I find the ‘minimal movement’ ones quite difficult!
Agreed, the Beat Saber campaign is good, but once you’ve completed it, there are still hundreds of hours of game play just trying to move up the leader boards and beat songs on higher difficulties.
I bought Final Assault on Oculus this weekend as it’s on sale for $20 right now. Neat little RTS game like Command/Conquer. There’s a campaign mode where you take turns with the AI, moving your piece(s) on a hexagonal board, fighting battles each time you try to take their space or they take yours. It’s pretty good so far, and my Quest (via Link) seems to handle it really well, even with dozens of little units running around. Each side has a base in a battle, with soldiers regularly issuing out along set lines, like a MOBA. You can add to that with different transport vehicles, or spawn different types of types, aircraft, etc. Pretty solid in my experience so far.
So, here’s an observation I recently made regarding the difference between the Quest and the Vive.
We had a Vive long before we bought a Quest. When we did get a Quest, the first thing I got for it was Beat Saber, which I love on the Vive, but I wanted to be able to play it anywhere, as I was using it for a while for a daily workout. I was so impressed with its performance on the Quest, I basically stopped playing it entirely on the Vive.
Recently, we had houseguests, and they were playing a bunch of stuff on the Vive, so I decided to load up Beat Saber - I wanted to try out the most recent update, which I hadn’t installed on the Quest yet as I had a bunch of custom songs on it via Sidequest/BeatSaver, and I assumed the update would break them.
I played a few of my usual favorites, played them on normal where I usually S rank them. On the Vive, first try on both, I got SS rank… first time I’ve SS ranked anything.
My husband commented that the tracking on the Quest is likely not quite as good as the Vive, and even though it’s not really discernible while you’re actually playing it, it’s clearly enough to affect your score and ranking.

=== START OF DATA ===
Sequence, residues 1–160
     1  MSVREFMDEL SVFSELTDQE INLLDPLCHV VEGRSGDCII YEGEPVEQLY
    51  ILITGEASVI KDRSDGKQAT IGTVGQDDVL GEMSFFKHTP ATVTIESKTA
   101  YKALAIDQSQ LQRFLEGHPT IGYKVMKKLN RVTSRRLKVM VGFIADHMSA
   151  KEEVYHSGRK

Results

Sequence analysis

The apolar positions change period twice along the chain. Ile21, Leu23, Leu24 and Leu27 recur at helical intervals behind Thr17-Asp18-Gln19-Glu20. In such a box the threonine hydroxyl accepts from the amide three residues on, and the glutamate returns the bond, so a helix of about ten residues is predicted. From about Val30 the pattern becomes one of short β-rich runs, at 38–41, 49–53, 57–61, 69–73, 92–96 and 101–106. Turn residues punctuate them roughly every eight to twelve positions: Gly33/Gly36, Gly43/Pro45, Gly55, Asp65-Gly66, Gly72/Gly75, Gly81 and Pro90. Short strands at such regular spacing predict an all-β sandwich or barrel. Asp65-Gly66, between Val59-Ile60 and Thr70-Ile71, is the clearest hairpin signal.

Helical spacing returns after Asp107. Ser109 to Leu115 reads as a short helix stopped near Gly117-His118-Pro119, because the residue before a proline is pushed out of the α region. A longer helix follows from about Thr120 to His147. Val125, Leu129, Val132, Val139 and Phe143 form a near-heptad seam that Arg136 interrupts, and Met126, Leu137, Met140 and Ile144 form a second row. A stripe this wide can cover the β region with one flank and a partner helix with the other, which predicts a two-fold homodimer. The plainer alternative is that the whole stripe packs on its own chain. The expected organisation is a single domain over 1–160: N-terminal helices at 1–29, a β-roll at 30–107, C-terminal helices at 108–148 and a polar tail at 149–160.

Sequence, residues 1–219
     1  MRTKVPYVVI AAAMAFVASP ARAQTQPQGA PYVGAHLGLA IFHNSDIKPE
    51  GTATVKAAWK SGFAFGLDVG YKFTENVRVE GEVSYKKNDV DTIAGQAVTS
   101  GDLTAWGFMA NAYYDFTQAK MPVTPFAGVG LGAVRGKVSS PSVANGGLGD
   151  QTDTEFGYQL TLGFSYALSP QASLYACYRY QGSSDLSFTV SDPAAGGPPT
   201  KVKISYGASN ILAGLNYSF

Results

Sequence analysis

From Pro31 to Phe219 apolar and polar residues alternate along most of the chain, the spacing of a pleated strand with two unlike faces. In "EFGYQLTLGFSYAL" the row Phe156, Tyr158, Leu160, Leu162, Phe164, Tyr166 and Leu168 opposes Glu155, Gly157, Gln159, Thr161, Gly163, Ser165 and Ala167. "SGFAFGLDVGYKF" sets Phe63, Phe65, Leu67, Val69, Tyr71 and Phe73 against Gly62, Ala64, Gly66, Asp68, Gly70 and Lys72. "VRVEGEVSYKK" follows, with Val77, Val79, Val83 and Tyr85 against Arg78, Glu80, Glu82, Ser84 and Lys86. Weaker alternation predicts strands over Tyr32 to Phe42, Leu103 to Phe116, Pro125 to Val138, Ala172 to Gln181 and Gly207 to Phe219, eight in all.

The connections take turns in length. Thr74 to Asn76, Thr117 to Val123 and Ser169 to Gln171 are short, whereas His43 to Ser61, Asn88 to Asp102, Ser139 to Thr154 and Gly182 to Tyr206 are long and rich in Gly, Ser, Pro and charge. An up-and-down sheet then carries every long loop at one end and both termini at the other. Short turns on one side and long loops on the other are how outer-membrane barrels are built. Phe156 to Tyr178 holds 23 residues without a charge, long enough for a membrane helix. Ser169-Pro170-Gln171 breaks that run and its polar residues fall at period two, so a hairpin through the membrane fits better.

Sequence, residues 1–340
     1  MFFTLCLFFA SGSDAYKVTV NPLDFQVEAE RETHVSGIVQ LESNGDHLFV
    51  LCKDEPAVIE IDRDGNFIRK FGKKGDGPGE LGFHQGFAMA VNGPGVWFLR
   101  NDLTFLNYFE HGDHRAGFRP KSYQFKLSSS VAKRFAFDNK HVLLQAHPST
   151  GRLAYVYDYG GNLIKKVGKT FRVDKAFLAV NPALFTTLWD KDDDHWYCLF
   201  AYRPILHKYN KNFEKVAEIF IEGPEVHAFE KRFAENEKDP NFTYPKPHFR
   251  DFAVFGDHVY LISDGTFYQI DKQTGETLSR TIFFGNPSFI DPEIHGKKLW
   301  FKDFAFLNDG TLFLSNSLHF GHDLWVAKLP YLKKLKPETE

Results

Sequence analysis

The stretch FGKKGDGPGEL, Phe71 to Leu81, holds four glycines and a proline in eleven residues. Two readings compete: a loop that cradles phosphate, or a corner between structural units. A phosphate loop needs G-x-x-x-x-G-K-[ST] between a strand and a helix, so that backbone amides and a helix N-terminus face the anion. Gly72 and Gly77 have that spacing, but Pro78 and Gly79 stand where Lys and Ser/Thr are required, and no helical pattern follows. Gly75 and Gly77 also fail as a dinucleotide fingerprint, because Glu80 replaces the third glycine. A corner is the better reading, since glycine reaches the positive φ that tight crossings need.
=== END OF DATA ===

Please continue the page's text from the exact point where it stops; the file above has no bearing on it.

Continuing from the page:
I’m not sure how I feel about that. I love the Quest and its convenience and comfort, and it doesn’t make me enjoy Beat Saber any less, but I wonder how it could be affecting other games and I don’t even realize it.
It could be you were just having a good night. I just grabbed my Quest and tried out Pop/Stars on Normal. Had no problem getting an SS. And then tried Crystallize (one of the most difficult stock songs) and again got SS with no issues.
There also was an update to Beat Saber at the end of August that improved angle detection when determining score, and it was definitely easier to get a higher score after the update. If you haven’t updated your Quest in awhile that might be it too.
Aha, I did wonder whether perhaps that was a thing. As I mentioned, I have not, in fact, updated my Quest copy of Beat Saber recently. (I’ve currently been declining the update when it asks upon launch.) I guess when I get around to updating, I’ll check again. Thanks for the info!
Hmm. . . it’s almost certainly the tracking. I have a Vive and a Quest and I always score better on the Vive. To be fair I don’t play beat saber a lot on the quest anymore because of this and supposedly the tracking has got better, but Beat Saber really is a worst case scenario game for the Quest’s tracking system (so hopefully other games aren’t as affected by this).
Adobe buys Oculus’ Medium VR sculpting tool. Wonder if similar will happen to Quill!
I guess we can now expect subscription pricing model, and heaps of bugs.
The headline buries the news.
According to former employees and people close to the company, Magic Leap had sold around 6,000 Magic Leap One headsets six months after release, compared to a goal of 100,000.
Yes, and they let a bunch of staff go too.
I don’t see any reason to wait that long other than mismanagement. Technology isn’t there yet, to offer a VR/AR headset that would truly appeal to the mass-market. It needs to weigh a quarter pound and look like bulky sunglasses. Then it will be everywhere.
And that will happen, but not in the next couple of years.
So, The Climb for Quest is finally out. Kind of a stealth release; I didn’t see anything about it in the subreddit and only noticed it when I was browsing the store. My impressions: